A story of love, sex and teen pregnancy in San Antonio, Texas. PETTING ZOO is the portrait of a young woman coming into her own, in an environment that does not always present ideal circumstances.

“It may read like a familiar tale, one you’ve seen a few times before. But the devil’s in the details and it’s to the film’s credit that PETTING ZOO gets those details right every single time. Whether it’s the spot-on, nonsensical conversations of stoners sprawled across a living room; the soul-sucking, endless routine of working in a crappy diner; or an intimate, cathartic moment cuddling with a cat, Magee’s direction illuminates both the hope and the drudgery that cumulatively amass as we make decisions that irrevocably alter our lives, whether we realize it or not.” – Josh Kupecki, Austin Chronicle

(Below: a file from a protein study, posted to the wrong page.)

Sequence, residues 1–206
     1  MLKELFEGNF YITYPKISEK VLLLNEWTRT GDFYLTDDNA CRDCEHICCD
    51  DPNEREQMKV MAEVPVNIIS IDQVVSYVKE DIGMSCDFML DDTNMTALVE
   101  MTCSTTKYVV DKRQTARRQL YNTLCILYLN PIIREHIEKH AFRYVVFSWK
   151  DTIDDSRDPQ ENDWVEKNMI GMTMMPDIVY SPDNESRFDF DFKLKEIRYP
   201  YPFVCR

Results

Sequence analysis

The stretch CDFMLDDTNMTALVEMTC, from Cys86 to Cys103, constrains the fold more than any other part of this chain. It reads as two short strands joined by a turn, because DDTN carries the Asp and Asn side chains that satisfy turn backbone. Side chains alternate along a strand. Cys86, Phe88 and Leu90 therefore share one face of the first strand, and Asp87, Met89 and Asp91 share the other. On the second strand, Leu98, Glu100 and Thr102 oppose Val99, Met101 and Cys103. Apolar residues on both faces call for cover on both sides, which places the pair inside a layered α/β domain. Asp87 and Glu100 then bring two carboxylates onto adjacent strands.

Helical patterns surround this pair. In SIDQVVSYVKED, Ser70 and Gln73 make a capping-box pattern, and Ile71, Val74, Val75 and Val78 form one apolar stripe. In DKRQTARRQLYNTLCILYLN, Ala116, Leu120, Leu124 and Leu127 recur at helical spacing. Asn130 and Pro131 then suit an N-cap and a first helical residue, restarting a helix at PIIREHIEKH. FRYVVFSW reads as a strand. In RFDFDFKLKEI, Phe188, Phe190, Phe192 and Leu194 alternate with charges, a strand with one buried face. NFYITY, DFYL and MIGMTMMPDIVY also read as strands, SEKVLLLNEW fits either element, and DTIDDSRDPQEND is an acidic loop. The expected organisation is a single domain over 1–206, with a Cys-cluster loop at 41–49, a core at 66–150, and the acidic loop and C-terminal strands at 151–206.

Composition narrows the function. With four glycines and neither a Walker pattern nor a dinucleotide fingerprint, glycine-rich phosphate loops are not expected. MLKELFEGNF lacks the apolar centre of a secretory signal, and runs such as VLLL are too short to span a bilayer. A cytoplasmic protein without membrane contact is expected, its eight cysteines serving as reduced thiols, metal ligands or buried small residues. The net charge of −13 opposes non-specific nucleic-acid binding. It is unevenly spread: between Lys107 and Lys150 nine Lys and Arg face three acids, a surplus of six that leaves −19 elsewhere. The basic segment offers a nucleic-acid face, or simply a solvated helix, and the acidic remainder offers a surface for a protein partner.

Narrative Feature, Clay Liford, 2016, 100 min.

Neil is a questioning teen who secretly writes erotic fan fiction about a popular SciFi hero. When his classmate Julia discovers this, she leads him on an adventure of self-discovery. With strong performances from leads Michael Johnston and Hannah Marks as well as a surprising turn from Michael Ian Black.

“An engaging comedy-drama about adolescent outsiders who dabble in fan-fiction while inventing themselves.” – Joe Leydon, Variety


Narrative Feature, Kelly Daniela Norris, 2013, 98 min.

In the wake of her brother’s suicide, a young Mexican woman (Seedne Bujaidar) journeys to the place he’d always dreamt of going – Cuba – where, through tortured ruminations and the guidance of a devoted stranger, she searches for answers, and must decide whether to open herself up to love and loss once again. SOMBRAS DE AZUL is something of a film elegy; a poetic re-imagining of the director’s own experience of bereavement following the death of her brother.